I see that there is much ado in the media today about our alleged Environment Minister (Julie Bishop) using Climate Talks in Peru, to lobby against UNESCO possibly declaring The Great Barrier Reef to be ‘in danger’. The Government’s own Great Barrier Reef Marine Parks Authority acknowledges research by the Australian Institute of Marine Research which indicates that the GBR has lost 50% of its coral over the past 30 years, with a parallel and substantial loss of bio-diversity,
Much of the decline of the reef is being attributed to human activities (catchments, ports, shipping, urban development and fishing) with the new environmental climate change catch-all being the other primary cause.
Recent proposals to develop port and shipping infrastructure in support of the mining industry has arisen as the latest environmental dust-up between industry, their ambassadors (our politicians!) and environmental groups. With the Great Barrier Reef being such an icon of Australia, there seems to be a considerable public leaning towards supporting the environmental view. This is perhaps not so surprising, considering that 80% of Australia’s mining interests are foreign-owned with the remainder being owned by just a few mega-rich Australians. Its not exactly an industry in which the public has any real investment, beyond the employment that the industry currently provides. There are also the token royalties that the government receives for selling our nation, one shovel full at a time.
More than forty years ago, I recall seeing a TV documentary about the Great Barrier Reef. I was horrified. The reason for the show was that the reef was under serious threat from a newly introduced pest species, the Crown Of Thorns Starfish. It had apparently arrived in ship ballast water from Indo China, had multiplied in massive numbers and was literally eating the reef as we watched.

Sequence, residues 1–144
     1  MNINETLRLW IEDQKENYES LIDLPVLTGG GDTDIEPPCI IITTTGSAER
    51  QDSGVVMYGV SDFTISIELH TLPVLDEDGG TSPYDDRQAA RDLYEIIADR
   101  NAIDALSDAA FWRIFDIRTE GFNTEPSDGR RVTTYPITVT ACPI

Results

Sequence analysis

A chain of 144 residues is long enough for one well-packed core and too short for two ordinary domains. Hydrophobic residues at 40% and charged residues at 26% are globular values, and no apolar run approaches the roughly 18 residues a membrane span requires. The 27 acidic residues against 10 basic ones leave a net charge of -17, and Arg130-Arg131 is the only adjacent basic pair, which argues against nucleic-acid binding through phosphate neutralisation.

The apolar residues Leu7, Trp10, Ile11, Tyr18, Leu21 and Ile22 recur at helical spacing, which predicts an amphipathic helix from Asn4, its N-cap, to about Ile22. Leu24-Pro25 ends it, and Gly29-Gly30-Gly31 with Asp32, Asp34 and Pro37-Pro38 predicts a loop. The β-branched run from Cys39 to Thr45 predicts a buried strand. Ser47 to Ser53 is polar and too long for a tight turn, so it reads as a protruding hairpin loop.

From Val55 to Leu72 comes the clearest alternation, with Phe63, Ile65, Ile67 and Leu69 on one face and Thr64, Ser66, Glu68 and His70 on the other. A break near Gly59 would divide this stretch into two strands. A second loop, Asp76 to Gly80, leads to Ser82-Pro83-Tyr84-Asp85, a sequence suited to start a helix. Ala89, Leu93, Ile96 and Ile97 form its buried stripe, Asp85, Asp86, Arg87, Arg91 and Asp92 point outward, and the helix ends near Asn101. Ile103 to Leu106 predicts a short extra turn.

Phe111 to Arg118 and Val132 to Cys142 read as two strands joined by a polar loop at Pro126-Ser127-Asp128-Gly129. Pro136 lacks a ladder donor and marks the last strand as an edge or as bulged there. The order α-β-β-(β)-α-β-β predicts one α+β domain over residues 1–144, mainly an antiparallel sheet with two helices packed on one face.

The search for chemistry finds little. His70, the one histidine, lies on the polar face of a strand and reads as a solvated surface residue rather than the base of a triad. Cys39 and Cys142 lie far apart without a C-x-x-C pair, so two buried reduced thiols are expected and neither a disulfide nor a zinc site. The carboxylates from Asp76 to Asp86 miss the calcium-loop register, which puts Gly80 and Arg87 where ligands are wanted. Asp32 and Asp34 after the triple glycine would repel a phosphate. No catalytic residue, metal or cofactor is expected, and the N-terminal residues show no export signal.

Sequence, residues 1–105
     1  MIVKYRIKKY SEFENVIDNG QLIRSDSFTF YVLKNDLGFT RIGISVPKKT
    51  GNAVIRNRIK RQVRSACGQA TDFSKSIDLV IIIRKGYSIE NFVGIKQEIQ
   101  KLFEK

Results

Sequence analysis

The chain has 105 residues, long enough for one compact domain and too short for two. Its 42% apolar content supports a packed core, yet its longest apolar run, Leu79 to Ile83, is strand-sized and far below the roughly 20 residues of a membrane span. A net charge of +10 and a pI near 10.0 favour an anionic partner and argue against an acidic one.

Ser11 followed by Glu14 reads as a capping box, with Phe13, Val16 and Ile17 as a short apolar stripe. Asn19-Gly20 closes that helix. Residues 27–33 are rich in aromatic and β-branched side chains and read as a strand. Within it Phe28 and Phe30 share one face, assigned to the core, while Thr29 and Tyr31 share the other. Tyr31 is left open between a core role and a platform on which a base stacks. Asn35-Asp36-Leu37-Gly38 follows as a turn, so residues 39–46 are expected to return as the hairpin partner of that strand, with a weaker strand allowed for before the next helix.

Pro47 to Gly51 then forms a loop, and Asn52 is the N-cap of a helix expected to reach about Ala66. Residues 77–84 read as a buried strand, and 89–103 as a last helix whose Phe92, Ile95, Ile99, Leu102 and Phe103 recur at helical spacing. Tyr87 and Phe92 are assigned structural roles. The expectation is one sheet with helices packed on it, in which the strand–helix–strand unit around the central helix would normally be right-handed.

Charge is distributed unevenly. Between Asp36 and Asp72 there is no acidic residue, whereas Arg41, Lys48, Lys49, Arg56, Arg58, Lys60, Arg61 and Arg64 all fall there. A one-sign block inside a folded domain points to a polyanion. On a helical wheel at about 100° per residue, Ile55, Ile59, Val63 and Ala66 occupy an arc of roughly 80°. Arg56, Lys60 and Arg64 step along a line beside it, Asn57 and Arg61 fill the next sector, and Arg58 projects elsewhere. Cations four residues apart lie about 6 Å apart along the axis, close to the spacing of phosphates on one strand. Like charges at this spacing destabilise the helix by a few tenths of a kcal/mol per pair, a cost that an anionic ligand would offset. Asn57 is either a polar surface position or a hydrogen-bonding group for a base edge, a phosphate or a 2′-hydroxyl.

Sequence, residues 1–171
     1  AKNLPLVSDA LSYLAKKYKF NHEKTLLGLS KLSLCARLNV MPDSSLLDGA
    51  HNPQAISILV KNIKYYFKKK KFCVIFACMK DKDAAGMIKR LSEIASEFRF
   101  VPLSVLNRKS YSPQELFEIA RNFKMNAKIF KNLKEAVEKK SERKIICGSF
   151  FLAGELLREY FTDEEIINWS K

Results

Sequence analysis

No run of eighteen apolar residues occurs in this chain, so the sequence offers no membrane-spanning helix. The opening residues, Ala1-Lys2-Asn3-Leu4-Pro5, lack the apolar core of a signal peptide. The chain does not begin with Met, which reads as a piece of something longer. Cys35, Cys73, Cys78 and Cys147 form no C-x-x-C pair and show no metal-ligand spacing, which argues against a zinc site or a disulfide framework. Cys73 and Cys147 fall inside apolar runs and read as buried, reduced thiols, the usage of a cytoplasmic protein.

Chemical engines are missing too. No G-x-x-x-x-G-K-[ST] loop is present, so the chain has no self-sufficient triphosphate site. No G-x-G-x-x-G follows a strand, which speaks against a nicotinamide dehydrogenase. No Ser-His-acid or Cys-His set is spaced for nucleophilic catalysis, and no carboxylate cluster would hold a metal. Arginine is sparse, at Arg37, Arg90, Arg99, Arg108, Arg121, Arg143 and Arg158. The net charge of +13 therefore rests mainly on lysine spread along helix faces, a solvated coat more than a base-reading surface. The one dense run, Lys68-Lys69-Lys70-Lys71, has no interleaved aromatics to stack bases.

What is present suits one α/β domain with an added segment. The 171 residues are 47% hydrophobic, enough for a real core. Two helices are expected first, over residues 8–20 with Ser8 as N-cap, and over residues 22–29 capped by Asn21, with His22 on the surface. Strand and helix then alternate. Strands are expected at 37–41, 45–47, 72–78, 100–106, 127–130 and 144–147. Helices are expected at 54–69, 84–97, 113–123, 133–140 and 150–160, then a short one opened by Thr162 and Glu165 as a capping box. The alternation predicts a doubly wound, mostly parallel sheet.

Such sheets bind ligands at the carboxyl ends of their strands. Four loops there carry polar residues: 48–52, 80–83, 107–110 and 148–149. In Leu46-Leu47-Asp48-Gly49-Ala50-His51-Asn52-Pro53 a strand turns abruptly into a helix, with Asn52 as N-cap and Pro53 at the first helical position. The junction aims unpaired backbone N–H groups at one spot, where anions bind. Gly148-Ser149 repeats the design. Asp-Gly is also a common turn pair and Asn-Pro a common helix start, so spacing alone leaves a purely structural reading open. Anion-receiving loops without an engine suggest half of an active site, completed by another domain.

A current webpage of the Government’s Great Barrier Reef Marine Parks Authority indicates that, since I watched that documentary as a youth, the Crown Of Thorns starfish has been responsible for 50% of the coral loss on the reef and that, in the absence of this pest, coral coverage would have experienced a net INCREASE over that time. (see http://www.gbrmpa.gov.au/about-the-reef/animals/crown-of-thorns-starfish)
All those years ago, we were hearing about the imminent threat to our beloved natural wonder and, it seems, we have been unable or unwilling to find the resources necessary to combat the Crown Of Thorns starfish. It is apparently still very much in residence. On its past performance, you’d have to conclude that it is capable of continuing its relentless destruction of this World Heritage Asset. I’m not aware of any brilliant new plans to eradicate it.
So over a period of forty years during which successive governments of both persuasions have come and gone, the destruction of the Great Barrier Reef has continued with relentless certainty. Occasionally, there has been a doco that has alluded to the decline of the reef. Curiously, there hasn’t been anything like the public attention and polarization that the latest industrial proposals seem to have hatched.
There is currently a strong opinion amongst ordinary citizens that our current government are the puppets of the Multi-nationals and the Mega-Rich ….. that they have no interest in looking after the interests of ordinary Australians. The government employs a veritable army of spin doctors who’s only reason for being is apparently to sugar coat their anti-public policies and to convince a skeptical public that their pandering to the rich and powerful is somehow in the national interest. The affinity that Australians have for their National Treasures, including the Great Barrier Reef have nothing to do with money and everything to do with an imagined national identity.